Do you find that the day passes by and you wonder where all the time went? And why so little work got done?
You’re pulled in so many directions that you’re just not sure how to manage your time and get through your to-do list anymore.
If so, there are many methods that can help you improve your time management skills. And you’ve likely tried a bunch of them already.
But perhaps you haven’t yet found the one that works for you?
If you’re looking for a systematic approach to boost your productivity, then the Pomodoro Technique may be for you.
Let’s take a look at the method and how you can get started today.
Why the funny name “Pomodoro” ?
Who would ever imagine that a tomato could be the inspiration for one of the most popular time management tools?
It may sound a little strange, but it’s true.
The technique was developed in the late 1980s by Francesco Cirillo, an entrepreneur and software developer, to help him focus on his studies during university.
He had a clever idea to use a tomato kitchen timer to track his work and study time. And so the name of this method was born. “Pomodoro” means “tomato” in Italian.
Cirillo wanted to share his technique to help others. So he wrote an international best-selling book by the same name, which is still popular today.
The technique has become widely used all over the world and has helped millions of people improve their productivity.
What’s the premise behind the technique?
The goal of the Pomodoro Technique is to maximize your focus and productivity by working in structured intervals, separated by short breaks.
The method is fairly simple: you work for 25 minutes (one pomodoro session) and then you receive a reward. You take a 5-minute break. When you complete four pomodoros, it’s time for a longer break of 20 to 30 minutes. The cycle then repeats.
The reason it works so well is that the timer forces you to concentrate fully during the working periods. It’s easier to avoid distractions knowing that you have a break coming up. And then the break helps you recharge your brain.
When you have a million things on your to-do list, it can be a great tool that helps you power through all your tasks.
There are 7 steps in the process:
Step 1: Plan your tasks
The first step is to review your to-do list and select the tasks you want to complete that day. Make sure to list them in order of importance so you can tackle the most significant ones first.
Next, include the amount of time you expect for each task, and express this as the number of pomodoro sessions (25-minute sessions with a 5-minute break).
For example, if you expect a task to be about an hour, then this would convert to 2 pomodoros (50 minutes of working time and 10 minutes of break time).
You can always revise the number of pomodoros required as you work through your tasks. The point of this exercise is just to help you create a schedule for the day.
Step 2: Set the timer
Find a timer that you can use for your work session. This can be a manual or digital timer depending on your preferences. We’ve listed some ideas for pomodoro apps towards this article so you can check these out to get started.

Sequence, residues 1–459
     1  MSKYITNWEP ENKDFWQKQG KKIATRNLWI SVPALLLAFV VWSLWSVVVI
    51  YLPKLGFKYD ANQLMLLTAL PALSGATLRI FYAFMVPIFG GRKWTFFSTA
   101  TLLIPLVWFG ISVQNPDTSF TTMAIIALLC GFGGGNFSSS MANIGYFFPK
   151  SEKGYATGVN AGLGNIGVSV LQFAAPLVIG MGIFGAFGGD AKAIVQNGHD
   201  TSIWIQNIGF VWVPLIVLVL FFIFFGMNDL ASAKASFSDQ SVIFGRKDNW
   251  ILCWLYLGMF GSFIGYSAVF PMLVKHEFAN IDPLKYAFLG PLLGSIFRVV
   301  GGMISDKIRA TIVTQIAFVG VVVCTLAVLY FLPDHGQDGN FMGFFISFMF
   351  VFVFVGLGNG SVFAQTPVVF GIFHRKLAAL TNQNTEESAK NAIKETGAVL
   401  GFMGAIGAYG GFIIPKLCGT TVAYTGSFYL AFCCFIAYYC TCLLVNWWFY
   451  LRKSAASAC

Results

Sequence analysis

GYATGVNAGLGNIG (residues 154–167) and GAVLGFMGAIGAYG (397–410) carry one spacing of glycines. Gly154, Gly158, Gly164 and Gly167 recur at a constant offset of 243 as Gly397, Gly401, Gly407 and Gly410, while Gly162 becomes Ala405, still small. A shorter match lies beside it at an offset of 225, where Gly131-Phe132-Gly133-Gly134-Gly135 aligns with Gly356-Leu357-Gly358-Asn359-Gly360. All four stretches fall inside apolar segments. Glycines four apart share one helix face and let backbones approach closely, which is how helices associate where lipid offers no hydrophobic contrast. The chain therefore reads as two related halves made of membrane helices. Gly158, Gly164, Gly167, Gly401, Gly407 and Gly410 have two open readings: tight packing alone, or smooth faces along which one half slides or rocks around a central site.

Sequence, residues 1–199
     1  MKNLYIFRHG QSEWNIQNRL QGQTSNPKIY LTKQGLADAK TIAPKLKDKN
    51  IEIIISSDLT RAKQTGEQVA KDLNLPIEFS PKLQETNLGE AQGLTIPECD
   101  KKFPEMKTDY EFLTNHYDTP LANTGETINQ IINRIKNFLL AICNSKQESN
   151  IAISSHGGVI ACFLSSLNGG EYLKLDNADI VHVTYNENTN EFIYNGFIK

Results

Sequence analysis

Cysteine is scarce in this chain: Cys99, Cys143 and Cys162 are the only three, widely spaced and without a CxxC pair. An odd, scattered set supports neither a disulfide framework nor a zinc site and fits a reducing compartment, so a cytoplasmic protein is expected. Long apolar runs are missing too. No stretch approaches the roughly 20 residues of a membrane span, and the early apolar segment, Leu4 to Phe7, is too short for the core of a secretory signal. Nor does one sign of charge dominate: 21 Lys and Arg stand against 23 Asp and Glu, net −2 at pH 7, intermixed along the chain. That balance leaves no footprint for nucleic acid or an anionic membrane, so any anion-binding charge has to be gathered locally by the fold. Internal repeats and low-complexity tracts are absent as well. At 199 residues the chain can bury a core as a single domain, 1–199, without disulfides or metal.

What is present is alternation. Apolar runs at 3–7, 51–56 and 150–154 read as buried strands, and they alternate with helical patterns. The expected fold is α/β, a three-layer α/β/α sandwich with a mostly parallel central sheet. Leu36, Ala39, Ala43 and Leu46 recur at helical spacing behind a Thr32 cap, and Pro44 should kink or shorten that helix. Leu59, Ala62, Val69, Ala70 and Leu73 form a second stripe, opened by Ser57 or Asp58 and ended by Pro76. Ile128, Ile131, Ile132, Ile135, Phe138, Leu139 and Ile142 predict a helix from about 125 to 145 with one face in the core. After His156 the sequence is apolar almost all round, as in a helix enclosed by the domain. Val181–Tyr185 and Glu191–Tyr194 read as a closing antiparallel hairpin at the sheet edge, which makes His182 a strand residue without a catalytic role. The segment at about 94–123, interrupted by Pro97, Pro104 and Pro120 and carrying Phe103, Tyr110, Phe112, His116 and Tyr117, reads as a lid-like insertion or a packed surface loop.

Select the amount of time for each pomodoro. You can use the traditional 25 minutes based on Cirillo’s recommendation, or you can choose the amount of time that works best for you. For instance, some people can work productively for longer durations such as 30-45 minutes and then take a 5-10-minute break.
The most important thing is to find the work and break pattern that’s right for you.
Step 3: Focus fully on the task until the timer rings.
Start the timer and work continuously on your task until the timer goes off.
It’s essential to avoid distractions in order for the technique to work. Just remind yourself that you made a promise to work straight through the pomodoro session. And a break is coming up soon (within 25 minutes).
If you’re committed to improving your productivity, you will be able to focus your full attention and follow through on your tasks.
Step 4: Keep track of each pomodoro
After you complete each pomodoro, put a checkmark on your to-do list or on a piece of paper. The purpose of this step is to keep track of the number of pomodoros completed.
You can then use this to review your progress and compare to the expectations you set out at the beginning. The good thing about this step is that it gives you a sense of accomplishment as you see how well you’re able to focus and complete your tasks.
Step 5: Take a quick break (5 mins)
At the end of each pomodoro, take a short break of 5 minutes. Use this time to get up and walk around, do some quick stretches, or get something to drink. The goal is to get you away from your desk and give your mind a quick rest.
You might also want to avoid checking social media sites or surfing the web. Sometimes these temptations might be too great and end up sucking you in for long periods of time. After all, you don’t want to do anything that would ruin the great momentum you’ve built up.
Step 6: Take a longer break after 4 pomodoros